It is said that there are three topics of conversation people should always avoid discussing: money, religion and, perhaps the most controversial of all, politics. And yet, those topics always seem to come up.
With Thanksgiving fast approaching and Election Day fresh on the minds of Americans, many families dread the political discussions and fights with extended family that come with the holidays.
I have seen my friends, extended family, teachers and even strangers openly debate each other on the state of the country. I hold no doubts about the potential negative strains political disagreement can have on a relationship.
I see this strain between two of the most influential people in my life — my parents.
Throughout history (alternatively, since 1998), I’ve had a long-running record of moments where I’ve made fun of people who read too much into astrology. It’s really easy to quip about, so I often do — I even wrote a shambly, one-act play with a joke character dedicated to garnering laughs about those who turn to the constellations for guidance.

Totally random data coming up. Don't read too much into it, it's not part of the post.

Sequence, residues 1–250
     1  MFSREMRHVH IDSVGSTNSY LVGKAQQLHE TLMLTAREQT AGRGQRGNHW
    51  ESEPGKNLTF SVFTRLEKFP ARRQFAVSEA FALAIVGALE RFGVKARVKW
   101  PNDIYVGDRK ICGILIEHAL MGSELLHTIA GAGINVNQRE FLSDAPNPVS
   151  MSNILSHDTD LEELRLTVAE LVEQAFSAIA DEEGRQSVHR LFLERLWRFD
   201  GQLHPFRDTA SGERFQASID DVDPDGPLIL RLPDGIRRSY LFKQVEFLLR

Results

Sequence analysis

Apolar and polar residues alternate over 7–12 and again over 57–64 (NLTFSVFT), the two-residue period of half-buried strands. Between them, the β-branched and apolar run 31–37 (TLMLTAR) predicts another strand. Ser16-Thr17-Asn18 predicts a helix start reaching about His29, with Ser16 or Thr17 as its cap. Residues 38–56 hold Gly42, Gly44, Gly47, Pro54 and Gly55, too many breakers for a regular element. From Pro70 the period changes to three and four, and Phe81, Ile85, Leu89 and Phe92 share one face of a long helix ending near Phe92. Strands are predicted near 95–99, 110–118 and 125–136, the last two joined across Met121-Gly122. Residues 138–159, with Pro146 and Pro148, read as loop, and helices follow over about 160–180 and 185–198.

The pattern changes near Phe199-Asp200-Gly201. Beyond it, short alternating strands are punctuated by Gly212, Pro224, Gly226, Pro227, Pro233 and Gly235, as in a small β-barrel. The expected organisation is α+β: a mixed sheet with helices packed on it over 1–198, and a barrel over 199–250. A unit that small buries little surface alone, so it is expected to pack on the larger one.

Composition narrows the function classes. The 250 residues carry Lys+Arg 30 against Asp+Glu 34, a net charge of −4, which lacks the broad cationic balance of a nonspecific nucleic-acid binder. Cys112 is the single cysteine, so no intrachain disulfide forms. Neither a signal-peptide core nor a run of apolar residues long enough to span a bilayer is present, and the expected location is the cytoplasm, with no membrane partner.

But then something funny happened.
I downloaded Co–Star onto my phone over the summer, and I give it validity more often than I’d like to admit.
Am I now the person searching for guidance down any avenue possible?
I distinctly remember the first Saturday night of my sophomore year. I was laying on the floor of my dorm room as the noise from raucous groups of kids walking Uptown toward whatever the night held seeped in through the open windows.
I called my dad, tears rolling down my face.
“This is going to be the same as last year,” I rushed to say as soon as he picked up. “I’m miserable.”
After a first year filled with solo Netflix nights and enough studying to carry me through the rest of undergrad, I was terrified that the fact I didn’t have plans or friends to hang out with the first weekend back meant I was in for another lonely year.